The terms perinatal and maternal are often used interchangeably. ‘Peri’ is the Latin for “around”, and ‘natal’ is the Latin for “birth”. So perinatal mental health refers to a woman’s mental health during pregnancy and the first years after birth. (Maternal Mental Health Alliance)
You may also hear it referred to as Postpartum or Postnatal Mental Health.
There is now recommendation that the perinatal period be extended to 2 years after birth. I totally agree with this, as it took me around 18 months after my 2nd baby to start to feel the fog lift and feel a little more 'normal' again.
What is the difference between post baby hormones/baby blues and a perinatal illness?
if any difficult feelings start to have a big effect on your day-to-day life, you might be experiencing a perinatal mental health problem.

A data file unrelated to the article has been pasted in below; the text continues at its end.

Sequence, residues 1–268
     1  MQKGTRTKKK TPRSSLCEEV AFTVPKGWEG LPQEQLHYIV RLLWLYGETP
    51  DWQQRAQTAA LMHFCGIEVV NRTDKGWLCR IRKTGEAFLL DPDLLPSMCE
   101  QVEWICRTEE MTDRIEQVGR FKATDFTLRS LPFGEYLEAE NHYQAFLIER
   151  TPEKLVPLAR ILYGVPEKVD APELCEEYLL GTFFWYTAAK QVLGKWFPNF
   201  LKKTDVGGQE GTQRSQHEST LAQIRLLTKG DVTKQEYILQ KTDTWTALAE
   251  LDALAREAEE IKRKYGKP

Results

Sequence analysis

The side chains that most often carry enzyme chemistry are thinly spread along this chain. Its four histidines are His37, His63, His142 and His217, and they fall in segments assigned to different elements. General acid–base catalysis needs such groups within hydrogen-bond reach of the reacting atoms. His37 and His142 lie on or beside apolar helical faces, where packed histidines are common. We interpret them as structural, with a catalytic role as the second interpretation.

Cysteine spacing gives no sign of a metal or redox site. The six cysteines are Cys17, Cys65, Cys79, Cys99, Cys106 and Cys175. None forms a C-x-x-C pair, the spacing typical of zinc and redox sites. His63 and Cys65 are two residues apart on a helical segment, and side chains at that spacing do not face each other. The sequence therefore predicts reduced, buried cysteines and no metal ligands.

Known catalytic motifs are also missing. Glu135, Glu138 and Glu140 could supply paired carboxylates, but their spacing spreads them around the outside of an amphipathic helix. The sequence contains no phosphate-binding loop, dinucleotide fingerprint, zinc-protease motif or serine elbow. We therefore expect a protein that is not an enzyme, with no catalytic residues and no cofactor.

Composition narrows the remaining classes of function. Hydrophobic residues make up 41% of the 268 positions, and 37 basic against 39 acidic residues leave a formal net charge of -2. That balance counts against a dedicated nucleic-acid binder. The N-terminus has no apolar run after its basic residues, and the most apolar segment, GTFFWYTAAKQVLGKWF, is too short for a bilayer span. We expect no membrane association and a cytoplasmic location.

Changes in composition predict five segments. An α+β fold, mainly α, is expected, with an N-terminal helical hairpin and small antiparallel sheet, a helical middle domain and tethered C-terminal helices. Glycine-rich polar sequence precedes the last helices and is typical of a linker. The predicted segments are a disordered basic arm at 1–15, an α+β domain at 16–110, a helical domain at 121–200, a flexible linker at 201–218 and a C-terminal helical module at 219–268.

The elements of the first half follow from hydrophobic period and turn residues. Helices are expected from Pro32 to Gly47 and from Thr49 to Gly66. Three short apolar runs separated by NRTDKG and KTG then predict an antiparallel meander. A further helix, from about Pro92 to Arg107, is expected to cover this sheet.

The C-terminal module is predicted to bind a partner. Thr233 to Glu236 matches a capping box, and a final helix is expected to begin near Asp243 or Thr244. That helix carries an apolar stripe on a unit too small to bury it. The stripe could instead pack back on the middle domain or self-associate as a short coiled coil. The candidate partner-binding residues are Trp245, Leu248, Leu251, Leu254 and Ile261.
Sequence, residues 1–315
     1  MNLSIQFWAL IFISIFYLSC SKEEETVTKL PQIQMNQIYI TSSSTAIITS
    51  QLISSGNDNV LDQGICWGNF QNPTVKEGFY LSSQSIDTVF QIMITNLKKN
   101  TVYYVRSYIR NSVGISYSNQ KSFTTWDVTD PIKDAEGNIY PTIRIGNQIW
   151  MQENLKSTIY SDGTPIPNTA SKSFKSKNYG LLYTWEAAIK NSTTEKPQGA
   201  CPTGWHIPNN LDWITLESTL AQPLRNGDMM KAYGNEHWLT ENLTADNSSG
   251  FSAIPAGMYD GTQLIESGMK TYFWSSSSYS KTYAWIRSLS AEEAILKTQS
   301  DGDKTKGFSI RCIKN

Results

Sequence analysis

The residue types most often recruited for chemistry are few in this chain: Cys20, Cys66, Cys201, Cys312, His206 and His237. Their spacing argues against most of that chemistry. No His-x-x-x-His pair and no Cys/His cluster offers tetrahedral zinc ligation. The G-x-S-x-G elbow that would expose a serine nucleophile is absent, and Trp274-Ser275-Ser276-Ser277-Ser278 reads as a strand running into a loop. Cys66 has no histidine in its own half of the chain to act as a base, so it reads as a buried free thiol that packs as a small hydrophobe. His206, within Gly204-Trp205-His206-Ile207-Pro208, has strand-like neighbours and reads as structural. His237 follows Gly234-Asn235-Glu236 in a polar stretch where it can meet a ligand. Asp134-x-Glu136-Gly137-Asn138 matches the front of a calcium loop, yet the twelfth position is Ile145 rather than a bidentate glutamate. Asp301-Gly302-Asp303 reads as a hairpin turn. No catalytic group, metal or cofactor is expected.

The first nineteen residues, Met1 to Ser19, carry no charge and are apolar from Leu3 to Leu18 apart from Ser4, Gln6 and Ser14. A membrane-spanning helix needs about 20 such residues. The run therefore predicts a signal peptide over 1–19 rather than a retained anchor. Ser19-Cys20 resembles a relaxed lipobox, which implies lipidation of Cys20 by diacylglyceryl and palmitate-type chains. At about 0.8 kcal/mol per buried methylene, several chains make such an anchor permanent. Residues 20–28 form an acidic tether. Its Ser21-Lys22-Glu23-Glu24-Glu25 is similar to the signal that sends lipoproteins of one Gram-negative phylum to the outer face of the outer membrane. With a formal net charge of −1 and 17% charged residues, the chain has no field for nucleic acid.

This may be new mental health problem, or an episode of a problem you've experienced in the past. (Mind)
It is natural after a baby to find it tough and to feel all sorts of emotions. Your hormones and body are still adjusting from giving birth. I remember always being told day 3/4 post birth are 'baby blue days' and expect to feel emotional. I cried because my mum left the house to go tidy up the garden!
The difference is when those feelings don't ease, get worse or can be mixed with anxiety, intrusive thoughts, panic attacks etc. If your mood, emotions etc start to impact your daily life then it is good to reach out and talk to someone or you GP.
What Types Of Perinatal Mental Illness Are There?
There are many perinatal mental illnesses and it is not uncommon for them to overlap.
The most common are:
Post Natal Depression
Postnatal PTSD / Birth Trauma
Where To Find Support For Perinatal Mental Health
The first place to start is to talk to someone. This could be a loved one or a friend. Feeling heard and supported makes a big difference in how you are feeling.
If you are in urgent need of help call the Samaritans on 116 123 or the emergency services on 999